Race pacing is something I have always wanted to have a go at. I’ve paced numerous times at Parkrun, been a guide runner at 10k races and unofficially paced friends at half marathons before, but I’ve always been too scared to take the step and carry the pacing flag. That is until East London Half Marathon.
When I saw that the race was looking for pacers I decided to take the plunge and despite being fairly novice was given the opportunity to be one of the 2h10m pacers. In the weeks leading up to the race I felt increasingly nervous, but we had a great #RIOTSQUAD group whatsapp so I felt like I already knew the other pacers, and I loved the supportive atmosphere. I did some practice runs to get used to the pace and kept fairly quiet that I was pacing as I didn’t want to feel any pressure. When the pacers were announced a few days before the event it all felt very real! And slightly scary too.
I think the biggest pressure you feel is the weight of peoples’ expectations. Runners around you might be relying on you to get them that PB, or keep them in check on that training run and I dreaded the thought of letting them down. On the morning I actually felt more nervous than I did the last time I ran a marathon.
Luckily I was paired up with Darren who imparted a lot of pacing wisdom, listened to me jabbering away for most of the way round and brought two watches (maybe I now have an excuse to buy that extra garmin ha). After a quick warmup on the stage and some chilly waiting around in the start pens we were off! We soon settled into the pace, looking to stick as close to 6:10 mins per km. The course itself was great for runners but the twists and turns sent my GPS haywire. We kept an eye on the time, the mile markers and made sure we got a minute in the bag in case the course was long.
The wind made carrying the flag interesting at a few points, especially when it got tangled in my ponytail! Loads of people have asked me about the flag and you kind of forget you’re wearing it, so much so I clipped a few trees and whacked the odd lamppost. Its just like wearing a running backpack. I lost a tiny bit of time on one km as I was battling with some intense headwinds.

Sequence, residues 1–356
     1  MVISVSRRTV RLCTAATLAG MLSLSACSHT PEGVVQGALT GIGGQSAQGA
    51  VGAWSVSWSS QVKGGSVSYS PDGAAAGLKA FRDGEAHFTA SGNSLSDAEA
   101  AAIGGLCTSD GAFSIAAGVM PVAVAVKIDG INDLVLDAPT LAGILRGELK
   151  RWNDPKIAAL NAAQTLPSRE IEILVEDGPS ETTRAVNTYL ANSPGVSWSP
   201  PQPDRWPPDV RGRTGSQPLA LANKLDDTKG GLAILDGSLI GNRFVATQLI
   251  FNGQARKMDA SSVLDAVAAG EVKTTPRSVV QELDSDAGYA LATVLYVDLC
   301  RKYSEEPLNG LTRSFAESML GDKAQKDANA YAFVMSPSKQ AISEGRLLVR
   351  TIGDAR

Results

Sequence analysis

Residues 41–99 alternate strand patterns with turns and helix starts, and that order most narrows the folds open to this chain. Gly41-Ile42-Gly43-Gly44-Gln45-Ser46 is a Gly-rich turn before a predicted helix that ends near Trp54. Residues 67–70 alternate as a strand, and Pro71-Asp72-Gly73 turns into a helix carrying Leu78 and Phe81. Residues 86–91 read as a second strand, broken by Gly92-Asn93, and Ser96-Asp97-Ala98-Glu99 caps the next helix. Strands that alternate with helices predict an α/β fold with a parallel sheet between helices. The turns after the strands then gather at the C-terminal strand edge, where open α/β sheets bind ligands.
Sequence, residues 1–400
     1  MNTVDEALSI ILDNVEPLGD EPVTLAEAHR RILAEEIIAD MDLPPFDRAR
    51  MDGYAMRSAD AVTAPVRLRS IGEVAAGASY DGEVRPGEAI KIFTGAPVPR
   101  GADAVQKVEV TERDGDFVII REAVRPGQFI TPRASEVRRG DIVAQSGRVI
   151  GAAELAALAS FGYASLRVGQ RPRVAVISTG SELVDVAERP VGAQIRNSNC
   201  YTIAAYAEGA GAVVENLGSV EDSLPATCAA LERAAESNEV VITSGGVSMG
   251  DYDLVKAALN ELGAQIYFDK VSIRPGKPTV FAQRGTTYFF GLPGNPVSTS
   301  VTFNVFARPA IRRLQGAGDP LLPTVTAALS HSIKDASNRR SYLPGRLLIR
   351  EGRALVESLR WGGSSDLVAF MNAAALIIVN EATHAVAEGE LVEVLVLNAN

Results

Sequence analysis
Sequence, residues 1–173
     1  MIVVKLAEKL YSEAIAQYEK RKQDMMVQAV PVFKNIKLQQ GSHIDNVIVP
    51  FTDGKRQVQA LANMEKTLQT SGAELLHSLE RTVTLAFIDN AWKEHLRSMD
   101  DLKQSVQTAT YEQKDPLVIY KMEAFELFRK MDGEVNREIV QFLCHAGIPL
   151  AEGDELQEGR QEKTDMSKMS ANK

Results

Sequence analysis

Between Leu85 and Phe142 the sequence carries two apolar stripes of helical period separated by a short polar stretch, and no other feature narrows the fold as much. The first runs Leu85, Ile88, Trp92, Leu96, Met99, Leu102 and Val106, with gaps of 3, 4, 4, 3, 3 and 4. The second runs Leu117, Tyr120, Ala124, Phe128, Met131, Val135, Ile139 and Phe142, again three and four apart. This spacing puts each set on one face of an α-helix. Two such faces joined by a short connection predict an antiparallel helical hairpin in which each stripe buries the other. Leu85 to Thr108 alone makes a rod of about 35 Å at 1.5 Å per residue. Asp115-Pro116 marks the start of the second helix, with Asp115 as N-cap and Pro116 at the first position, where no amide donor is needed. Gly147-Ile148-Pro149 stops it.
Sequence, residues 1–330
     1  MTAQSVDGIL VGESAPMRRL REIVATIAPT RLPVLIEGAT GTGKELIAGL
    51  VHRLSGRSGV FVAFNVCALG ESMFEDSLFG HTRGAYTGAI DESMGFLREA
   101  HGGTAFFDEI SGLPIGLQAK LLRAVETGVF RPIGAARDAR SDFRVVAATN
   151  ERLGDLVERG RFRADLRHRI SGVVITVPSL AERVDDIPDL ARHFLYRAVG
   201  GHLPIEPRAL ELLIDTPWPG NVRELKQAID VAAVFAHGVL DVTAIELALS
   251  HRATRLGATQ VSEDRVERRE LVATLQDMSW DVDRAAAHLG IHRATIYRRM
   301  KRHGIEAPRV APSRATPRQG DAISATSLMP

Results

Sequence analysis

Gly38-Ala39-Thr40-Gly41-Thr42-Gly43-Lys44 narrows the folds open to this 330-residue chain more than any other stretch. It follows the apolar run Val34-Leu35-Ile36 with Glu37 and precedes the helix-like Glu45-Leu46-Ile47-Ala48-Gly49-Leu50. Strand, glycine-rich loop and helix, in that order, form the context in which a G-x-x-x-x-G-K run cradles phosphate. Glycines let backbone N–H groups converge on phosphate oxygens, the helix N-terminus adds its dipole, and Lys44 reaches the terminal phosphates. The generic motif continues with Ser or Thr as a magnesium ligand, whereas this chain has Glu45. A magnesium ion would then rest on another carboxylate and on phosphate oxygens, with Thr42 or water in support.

One hilarious thing I noticed was how all the pacers waved at each other on the way round. It’s a bit like how bus drivers wave at each other, and in this sense the looping course was a great learning curve because you could judge where other pacers were in relation to you.
All was plain sailing until 12miles when the marker sign suggested that the course was going to come up longer than we had anticipated. We rallied the 2.10 pack that had formed around us and together began to pick up the pace, we had to get the group back for the time they had worked hard for, as regardless of if the race is long or not the finish time is still the overall goal. On the final straight everyone really turned it up another notch, we were screaming at them to go and they gave it their all. Its so inspiring seeing people finding that extra gear and flying past you to the finish. I felt so proud of each and every one of them, they had worked so so hard the whole way round, the course hadn’t been easy and they fully deserved the times they achieved. It was weird hanging back and not engaging in the sprint finish myself, but I was determined to stay at a steady pace and make sure everyone got home.
We came over the line in 2:10:23 for a distance of 21.32km- thankfully within the 30 seconds each way you’re typically allowed. At first I beat myself up for not bringing everyone in under the time, but we had a real battle with the GPS and the extra 200m had thrown us a tad- it’s certainly something to bear in mind for next time and for anyone pacing my best advice would be get time in the bag early on when everyone is fresh.
I thoroughly enjoyed pacing and I’m so glad I took the plunge. Getting to run with others was so much fun and gave a whole new perspective to racing. I’m so happy we were able to help the runners get the times they deserved. Pacing is definitely something I am keen to do in the future!
Thank you to Runthrough for having us. As always the team put on a great event and it was very special to pace the first ever East London Half Marathon. Thanks Runarchy Riotsquad for all their support and for making me part of the family, and thanks Darren for being the best co-pilot!